The third section relates the author’s interaction with the orixa spirits, known for being pure and aloof among all spirits, and with the erts or the child spirits of the orixas.
The book also contains chapters for presentation of the participants, pre-text, and postface.
Analysis of the Text: Content and Themes
As mentioned earlier, the opening of the text done by Wafer was unusual. He chose to invert the sequence of events by telling first the ones that happened during his last days in Jaraci, specifically the second to the last night of his stay in the community. Most ethnographers opted to start by telling how they were welcomed by the ethnics on their first days in the community. This approach done by Wafer even became more powerful when he started his account with The Lips of Pomba- Gira in the first chapter. This is where he encountered a female spirit possessing a male medium, asking him if he desires to kiss her. This, I think, signifies Wafer’s way of presenting the problems of Condomble to the readers: the complexity of the interactions between two realities and entities, people and spirits. At this point, he already presented the things he wanted to address.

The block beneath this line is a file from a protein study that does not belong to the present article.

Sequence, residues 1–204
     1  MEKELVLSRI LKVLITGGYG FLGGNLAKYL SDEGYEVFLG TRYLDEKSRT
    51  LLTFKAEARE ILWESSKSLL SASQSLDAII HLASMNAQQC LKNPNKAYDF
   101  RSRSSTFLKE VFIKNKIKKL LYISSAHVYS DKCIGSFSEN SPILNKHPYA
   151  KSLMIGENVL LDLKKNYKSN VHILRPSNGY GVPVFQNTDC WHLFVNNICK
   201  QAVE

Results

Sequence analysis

Aside from the format followed by Wafer in the opening of his book, another thing quite noticeable in the text is the author’s way of ending it in the postface chapter. This part gives an amusing yet powerful image of how Wafer evaluated the ethnographic process. Here he narrated that while he was in Brazil, the people gave him a nickname after a spirit ancestor. With this, Wafer gained the idea of portraying the spirits as a metaphor ethnography. Since spirits masquerade wearing large costumes and nets on their faces, he compared them to the people who had participated in his fieldwork.
For him, these people are like the dancing masqueraders. However, instead of the nets that will cover their faces, the people have awesome dancing spirits which also possess masquerading faces. Therefore, ethnography is presented as an infinite representation of symbols and differences.